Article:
Over the years Butser Ancient farm has become a site of great environmental importance. Situated amongst forests and fields, with our ancient farming methods and wild hedgerows we have attracted various wildlife and rare species.
One of these rare species being the Striped Lychnis moth which has increased in number greatly over the past few years in particular due to our Dark Mullein, a tall wild flowering perennial plant, with yellow flowers and purple stamen.
The striking caterpillars feed on the yellow flowers and can be found throughout July and August. The fully grown larvae crawl off and find a safe place to pupate in the ground nearby and emerge the following spring.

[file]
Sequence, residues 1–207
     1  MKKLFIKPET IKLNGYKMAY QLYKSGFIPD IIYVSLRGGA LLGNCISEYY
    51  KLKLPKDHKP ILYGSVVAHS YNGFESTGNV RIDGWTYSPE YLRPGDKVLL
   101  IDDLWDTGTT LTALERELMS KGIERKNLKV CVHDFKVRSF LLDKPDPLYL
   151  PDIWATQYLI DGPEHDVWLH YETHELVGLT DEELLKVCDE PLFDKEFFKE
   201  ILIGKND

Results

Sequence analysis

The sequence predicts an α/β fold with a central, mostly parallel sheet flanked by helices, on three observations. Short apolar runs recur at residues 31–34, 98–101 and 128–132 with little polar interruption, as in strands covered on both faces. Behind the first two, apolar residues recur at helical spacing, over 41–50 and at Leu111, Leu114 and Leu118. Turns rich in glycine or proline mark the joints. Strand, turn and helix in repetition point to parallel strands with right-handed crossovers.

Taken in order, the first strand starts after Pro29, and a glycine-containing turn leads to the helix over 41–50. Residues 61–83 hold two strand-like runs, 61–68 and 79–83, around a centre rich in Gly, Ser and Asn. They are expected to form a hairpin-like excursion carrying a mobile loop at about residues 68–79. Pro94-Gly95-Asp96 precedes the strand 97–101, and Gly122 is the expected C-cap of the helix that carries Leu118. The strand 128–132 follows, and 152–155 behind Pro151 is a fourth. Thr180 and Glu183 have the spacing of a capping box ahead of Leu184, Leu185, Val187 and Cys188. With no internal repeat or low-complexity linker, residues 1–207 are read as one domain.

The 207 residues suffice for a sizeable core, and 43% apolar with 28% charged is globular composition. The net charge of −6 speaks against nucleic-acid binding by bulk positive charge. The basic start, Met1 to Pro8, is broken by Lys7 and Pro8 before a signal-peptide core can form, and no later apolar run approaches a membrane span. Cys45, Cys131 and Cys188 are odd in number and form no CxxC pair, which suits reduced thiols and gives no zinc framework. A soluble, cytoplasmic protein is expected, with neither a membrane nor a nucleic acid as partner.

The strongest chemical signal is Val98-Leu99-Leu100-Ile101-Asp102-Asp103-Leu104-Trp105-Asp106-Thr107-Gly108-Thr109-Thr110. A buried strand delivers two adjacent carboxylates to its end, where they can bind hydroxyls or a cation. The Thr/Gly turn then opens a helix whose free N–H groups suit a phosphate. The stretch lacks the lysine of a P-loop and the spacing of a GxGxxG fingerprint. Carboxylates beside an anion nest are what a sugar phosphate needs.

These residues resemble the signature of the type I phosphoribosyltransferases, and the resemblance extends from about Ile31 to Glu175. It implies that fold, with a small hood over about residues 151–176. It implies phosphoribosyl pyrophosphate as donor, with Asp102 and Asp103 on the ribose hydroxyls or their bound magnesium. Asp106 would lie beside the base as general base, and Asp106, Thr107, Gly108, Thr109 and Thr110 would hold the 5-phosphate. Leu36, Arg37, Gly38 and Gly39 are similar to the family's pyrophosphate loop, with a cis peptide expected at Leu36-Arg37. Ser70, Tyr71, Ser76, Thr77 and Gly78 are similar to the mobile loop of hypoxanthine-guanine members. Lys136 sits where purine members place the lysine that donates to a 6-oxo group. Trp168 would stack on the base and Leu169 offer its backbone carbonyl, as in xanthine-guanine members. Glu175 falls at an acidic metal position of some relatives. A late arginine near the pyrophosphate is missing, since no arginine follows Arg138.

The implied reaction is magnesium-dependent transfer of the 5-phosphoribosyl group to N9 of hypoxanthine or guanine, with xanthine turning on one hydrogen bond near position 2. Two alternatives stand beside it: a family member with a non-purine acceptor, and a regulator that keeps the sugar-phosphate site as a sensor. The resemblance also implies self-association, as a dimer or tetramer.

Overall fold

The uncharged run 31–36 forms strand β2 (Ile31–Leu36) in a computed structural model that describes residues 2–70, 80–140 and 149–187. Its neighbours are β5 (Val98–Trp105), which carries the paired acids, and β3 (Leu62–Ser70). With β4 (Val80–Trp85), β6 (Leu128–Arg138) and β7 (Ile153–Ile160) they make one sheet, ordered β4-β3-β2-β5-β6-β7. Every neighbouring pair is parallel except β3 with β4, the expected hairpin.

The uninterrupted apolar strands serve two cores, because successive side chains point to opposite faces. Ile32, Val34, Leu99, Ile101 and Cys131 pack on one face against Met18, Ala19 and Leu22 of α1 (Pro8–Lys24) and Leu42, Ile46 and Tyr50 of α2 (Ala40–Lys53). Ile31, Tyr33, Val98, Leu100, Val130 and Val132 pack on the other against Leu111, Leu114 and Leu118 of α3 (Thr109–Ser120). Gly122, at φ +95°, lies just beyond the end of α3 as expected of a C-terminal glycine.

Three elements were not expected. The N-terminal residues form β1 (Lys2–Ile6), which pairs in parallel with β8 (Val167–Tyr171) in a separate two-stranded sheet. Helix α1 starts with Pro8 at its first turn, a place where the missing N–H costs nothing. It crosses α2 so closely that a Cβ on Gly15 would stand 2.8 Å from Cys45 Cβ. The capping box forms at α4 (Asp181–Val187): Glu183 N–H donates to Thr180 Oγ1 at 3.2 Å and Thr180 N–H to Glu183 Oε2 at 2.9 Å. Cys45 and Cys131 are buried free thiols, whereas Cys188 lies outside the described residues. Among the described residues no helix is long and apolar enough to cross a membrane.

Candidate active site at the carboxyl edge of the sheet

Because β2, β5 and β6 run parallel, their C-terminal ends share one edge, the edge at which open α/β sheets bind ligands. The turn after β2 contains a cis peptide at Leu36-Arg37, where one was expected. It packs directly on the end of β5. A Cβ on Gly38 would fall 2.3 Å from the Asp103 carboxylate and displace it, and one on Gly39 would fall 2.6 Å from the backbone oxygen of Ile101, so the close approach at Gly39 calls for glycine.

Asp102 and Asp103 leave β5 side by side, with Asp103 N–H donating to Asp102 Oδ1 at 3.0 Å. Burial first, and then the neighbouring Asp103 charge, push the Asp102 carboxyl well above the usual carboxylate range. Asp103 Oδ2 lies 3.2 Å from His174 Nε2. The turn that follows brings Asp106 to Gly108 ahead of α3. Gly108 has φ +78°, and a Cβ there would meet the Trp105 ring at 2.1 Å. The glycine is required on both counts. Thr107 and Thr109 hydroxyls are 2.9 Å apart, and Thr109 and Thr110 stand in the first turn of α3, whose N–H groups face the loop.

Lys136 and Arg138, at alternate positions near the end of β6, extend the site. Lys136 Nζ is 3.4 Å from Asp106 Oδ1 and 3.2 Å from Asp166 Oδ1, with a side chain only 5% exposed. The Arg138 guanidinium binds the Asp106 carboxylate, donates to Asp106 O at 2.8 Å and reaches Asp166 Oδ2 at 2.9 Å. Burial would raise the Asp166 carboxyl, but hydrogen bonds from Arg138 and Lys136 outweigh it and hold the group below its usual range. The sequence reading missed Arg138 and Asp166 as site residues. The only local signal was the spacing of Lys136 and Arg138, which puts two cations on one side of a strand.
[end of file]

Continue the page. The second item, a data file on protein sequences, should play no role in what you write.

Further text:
7 Striped Lychnis larvae were found at Butser Ancient Farm in 2017 and there were 78 in July 2018 so let’s see if we can keep this upward trend going!
If you have a passion for wildlife and want to encourage Striped Lychid moths into your garden follow these tips!
- Do not cut Dark Mullein plants between May and September.
- Leave unmanaged areas for wild flowers to flourish
- Disturb the soil periodically or cut areas in the winter to stop them getting overgrown.
- Shake seed out from the old flowers in the autumn or winter.
If you live locally to the site you could collect seed with permission and grow it in your garden, visit the Butterfly Conservation website or contact Fiona at Butterfly Conservation for more advice; firstname.lastname@example.org